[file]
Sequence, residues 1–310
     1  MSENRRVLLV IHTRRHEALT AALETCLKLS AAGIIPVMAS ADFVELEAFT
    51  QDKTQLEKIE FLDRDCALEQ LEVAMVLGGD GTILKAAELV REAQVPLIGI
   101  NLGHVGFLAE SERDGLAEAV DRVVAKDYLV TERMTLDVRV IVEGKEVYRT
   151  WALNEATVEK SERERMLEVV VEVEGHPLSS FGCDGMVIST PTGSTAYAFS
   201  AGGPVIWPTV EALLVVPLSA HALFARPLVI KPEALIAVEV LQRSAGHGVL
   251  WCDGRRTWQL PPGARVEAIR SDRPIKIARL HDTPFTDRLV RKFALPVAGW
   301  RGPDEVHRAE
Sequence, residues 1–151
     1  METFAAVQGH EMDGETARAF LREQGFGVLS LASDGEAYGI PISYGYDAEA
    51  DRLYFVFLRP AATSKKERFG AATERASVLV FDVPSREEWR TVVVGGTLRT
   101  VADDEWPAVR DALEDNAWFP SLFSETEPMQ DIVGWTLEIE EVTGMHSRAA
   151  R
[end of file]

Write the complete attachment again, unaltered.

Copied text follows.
Sequence, residues 1–310
     1  MSENRRVLLV IHTRRHEALT AALETCLKLS AAGIIPVMAS ADFVELEAFT
    51  QDKTQLEKIE FLDRDCALEQ LEVAMVLGGD GTILKAAELV REAQVPLIGI
   101  NLGHVGFLAE SERDGLAEAV DRVVAKDYLV TERMTLDVRV IVEGKEVYRT
   151  WALNEATVEK SERERMLEVV VEVEGHPLSS FGCDGMVIST PTGSTAYAFS
   201  AGGPVIWPTV EALLVVPLSA HALFARPLVI KPEALIAVEV LQRSAGHGVL
   251  WCDGRRTWQL PPGARVEAIR SDRPIKIARL HDTPFTDRLV RKFALPVAGW
   301  RGPDEVHRAE
Sequence, residues 1–151
     1  METFAAVQGH EMDGETARAF LREQGFGVLS LASDGEAYGI PISYGYDAEA
    51  DRLYFVFLRP AATSKKERFG AATERASVLV FDVPSREEWR TVVVGGTLRT
   101  VADDEWPAVR DALEDNAWFP SLFSETEPMQ DIVGWTLEIE EVTGMHSRAA
   151  R